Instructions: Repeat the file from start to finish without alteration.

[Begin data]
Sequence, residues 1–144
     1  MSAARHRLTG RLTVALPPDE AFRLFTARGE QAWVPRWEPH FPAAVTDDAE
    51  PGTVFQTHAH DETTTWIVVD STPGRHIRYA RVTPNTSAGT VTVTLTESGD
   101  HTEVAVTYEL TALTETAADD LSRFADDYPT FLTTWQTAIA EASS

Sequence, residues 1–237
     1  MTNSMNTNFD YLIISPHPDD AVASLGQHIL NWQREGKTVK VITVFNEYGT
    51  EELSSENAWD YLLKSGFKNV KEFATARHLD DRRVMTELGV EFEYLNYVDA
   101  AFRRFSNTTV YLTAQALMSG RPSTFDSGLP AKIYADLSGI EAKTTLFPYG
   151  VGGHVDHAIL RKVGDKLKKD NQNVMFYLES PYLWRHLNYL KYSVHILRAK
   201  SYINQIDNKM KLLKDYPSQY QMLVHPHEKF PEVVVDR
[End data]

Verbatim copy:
Sequence, residues 1–144
     1  MSAARHRLTG RLTVALPPDE AFRLFTARGE QAWVPRWEPH FPAAVTDDAE
    51  PGTVFQTHAH DETTTWIVVD STPGRHIRYA RVTPNTSAGT VTVTLTESGD
   101  HTEVAVTYEL TALTETAADD LSRFADDYPT FLTTWQTAIA EASS

Sequence, residues 1–237
     1  MTNSMNTNFD YLIISPHPDD AVASLGQHIL NWQREGKTVK VITVFNEYGT
    51  EELSSENAWD YLLKSGFKNV KEFATARHLD DRRVMTELGV EFEYLNYVDA
   101  AFRRFSNTTV YLTAQALMSG RPSTFDSGLP AKIYADLSGI EAKTTLFPYG
   151  VGGHVDHAIL RKVGDKLKKD NQNVMFYLES PYLWRHLNYL KYSVHILRAK
   201  SYINQIDNKM KLLKDYPSQY QMLVHPHEKF PEVVVDR